Supervision is an integral component of field education. For social work, supervision considers to all activities designed to guide the social work student in assessment, intervention, and evaluation of client interventions (Shulman, 2008). Supervision helps students to develop the skills needed to be competent and ethical social work practitioners. For Project Resilience, the field instructor utilized group supervision. Supervision focused on the students’ understanding of utilizing a broad range of assessment, planning, and intervention skills with different client systems. Because one of the students was a MSW student, the instructor also had to address understanding and mastery of advanced generalist practice skills. Advanced generalist social work practice encompasses an application of a higher level of social work knowledge, skills, values, and ethics (Vecchiolla et al., 2008). The advanced generalist practitioner utilizes a higher level of methodological and theoretical knowledge to work with all systems. Inherent to advanced generalist social work practice is the utilization of ecological assessments to guide intervention processes (Derezotes, 2012). The field instructor used supervision to help the MSW student understand that the advanced generalist practitioner is not only concerned with the client’s level of functioning and well-being, but also the environmental factors in which the client interacts, including family, peers, and the larger community. During weekly supervision sessions, the field instructor reinforced feedback from the review of the process recordings and further engaged the students in dialogue in order to assess their understanding and mastery of the core competencies.  In addition to the process recordings and supervision sessions, the field instructor observed the students while they presented the Project Resilience program in community settings.  This provided another opportunity to assess the students’ mastery of the core competencies.

A third consideration for developing Project Resilience as a faculty-led field practicum was how to incorporate the department’s mission and key underpinnings.  The five underpinnings that support the Department of Social Work at DSU are woven throughout the BSW and MSW curricula, including field instruction.  The departmental underpinnings were incorporated into the overall Project Resilience program and individual program modules.  For example, the strengths-perspective permeates throughout the Project Resilience program.  The program underscores the notion that every individual has talents, strengths, and abilities and that all communities are rich with resources that can be mobilized during times of adversity, stress or trauma.  Empowerment is also a global theme which is presented throughout the Project Resilience program. The intent of Project Resilience is to empower participants to realize that they have inner strengths, as well as familial, community, and cultural resources, and that those resources can be tapped into during times of adversity, stress or trauma. Other departmental underpinnings are represented in individual modules.  For example, Delaware is a rural state. The Community module of Project Resilience addresses the uniqueness and strengths of rural communities as elucidated by the department’s rural perspective underpinning.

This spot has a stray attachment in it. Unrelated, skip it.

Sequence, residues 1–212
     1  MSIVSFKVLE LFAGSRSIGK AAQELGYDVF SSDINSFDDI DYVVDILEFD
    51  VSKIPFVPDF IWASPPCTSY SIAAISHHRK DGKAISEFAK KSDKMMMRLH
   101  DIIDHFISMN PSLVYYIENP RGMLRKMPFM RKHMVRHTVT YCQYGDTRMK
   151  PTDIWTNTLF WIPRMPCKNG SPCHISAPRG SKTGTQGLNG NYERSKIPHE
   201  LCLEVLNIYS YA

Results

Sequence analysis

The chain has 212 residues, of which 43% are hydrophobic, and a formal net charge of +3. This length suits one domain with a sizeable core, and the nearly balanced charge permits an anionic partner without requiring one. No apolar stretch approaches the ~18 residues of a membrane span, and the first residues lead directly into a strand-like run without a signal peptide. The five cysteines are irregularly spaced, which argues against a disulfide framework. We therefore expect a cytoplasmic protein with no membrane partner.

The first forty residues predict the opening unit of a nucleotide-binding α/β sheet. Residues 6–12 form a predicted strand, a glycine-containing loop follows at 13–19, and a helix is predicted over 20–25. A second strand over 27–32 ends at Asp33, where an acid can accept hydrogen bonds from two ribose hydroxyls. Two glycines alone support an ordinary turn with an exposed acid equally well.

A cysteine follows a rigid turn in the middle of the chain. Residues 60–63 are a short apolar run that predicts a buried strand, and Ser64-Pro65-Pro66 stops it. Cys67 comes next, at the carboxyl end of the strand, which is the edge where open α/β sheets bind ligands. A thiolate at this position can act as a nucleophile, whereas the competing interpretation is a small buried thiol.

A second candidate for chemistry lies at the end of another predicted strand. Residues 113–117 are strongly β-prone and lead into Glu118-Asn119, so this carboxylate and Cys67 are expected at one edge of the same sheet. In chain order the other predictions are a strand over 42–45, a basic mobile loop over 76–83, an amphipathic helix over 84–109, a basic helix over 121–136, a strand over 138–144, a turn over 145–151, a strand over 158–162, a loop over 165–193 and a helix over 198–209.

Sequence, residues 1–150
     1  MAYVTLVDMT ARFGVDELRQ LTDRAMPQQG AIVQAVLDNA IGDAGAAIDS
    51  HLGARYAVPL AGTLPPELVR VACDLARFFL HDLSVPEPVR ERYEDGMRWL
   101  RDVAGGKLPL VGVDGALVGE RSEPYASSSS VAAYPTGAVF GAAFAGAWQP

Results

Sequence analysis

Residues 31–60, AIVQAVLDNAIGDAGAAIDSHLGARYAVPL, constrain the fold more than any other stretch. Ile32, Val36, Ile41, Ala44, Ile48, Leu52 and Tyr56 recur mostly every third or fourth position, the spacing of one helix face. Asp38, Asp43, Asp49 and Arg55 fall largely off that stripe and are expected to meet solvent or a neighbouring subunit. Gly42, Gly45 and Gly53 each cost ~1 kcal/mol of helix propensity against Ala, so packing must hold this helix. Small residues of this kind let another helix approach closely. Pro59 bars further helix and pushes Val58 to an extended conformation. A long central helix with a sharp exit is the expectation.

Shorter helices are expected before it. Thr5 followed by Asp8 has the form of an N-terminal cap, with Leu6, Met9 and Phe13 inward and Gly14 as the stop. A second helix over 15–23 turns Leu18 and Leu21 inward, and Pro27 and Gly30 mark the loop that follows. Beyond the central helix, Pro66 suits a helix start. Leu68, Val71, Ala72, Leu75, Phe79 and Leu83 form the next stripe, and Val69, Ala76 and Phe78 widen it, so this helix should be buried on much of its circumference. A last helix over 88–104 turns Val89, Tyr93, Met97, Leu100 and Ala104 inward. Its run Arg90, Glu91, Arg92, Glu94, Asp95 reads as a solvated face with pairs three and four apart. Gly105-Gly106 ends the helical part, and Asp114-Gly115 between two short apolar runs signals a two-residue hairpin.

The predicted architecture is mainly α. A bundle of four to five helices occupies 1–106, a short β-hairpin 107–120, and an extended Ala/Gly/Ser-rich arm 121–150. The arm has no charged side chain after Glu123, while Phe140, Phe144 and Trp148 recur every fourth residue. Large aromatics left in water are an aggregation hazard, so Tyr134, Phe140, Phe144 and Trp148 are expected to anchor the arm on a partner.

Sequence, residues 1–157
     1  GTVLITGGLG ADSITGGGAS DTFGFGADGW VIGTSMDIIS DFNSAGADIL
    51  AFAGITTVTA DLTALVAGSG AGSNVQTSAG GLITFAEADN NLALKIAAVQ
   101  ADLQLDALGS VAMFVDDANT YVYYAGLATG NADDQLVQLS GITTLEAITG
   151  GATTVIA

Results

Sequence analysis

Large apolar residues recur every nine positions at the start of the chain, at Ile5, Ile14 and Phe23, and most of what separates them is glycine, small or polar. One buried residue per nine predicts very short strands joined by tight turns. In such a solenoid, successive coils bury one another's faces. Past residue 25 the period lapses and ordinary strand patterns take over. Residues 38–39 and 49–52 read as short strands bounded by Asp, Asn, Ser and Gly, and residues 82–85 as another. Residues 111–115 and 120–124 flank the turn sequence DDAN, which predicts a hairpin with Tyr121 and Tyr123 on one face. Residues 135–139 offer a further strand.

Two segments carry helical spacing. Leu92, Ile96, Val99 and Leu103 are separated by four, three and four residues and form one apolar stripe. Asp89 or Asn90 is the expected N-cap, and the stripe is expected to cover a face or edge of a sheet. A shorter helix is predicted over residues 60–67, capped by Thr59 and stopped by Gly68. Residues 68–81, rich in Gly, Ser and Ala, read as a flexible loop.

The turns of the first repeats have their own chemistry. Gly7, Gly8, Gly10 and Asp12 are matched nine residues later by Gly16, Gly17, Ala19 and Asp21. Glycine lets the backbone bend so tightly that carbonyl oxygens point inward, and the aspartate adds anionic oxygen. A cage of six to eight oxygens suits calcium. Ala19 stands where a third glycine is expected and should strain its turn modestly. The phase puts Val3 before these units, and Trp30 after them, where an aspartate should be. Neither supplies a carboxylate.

In summary, a faculty-led field practicum can provide valuable opportunities for social work students to develop and practice the skills needed for ethical and competent social work practice. It is essential to ensure that the students who participate in faculty-led field practicums have rich and rewarding experiences.  Collaboration and consultation with the Office of Field Instruction are essential for developing successfully faculty-led field practicums. Of paramount importance is that the experience is true to the purpose of field instruction (e.g., students are given the opportunity to develop and perform social work practice skills).  The experience must also provide ample opportunity to assess students’ mastery of social work practice core competencies as defined by CSWE. It is also necessary that faculty-led field practicums remain true to the department’s mission and key underpinnings.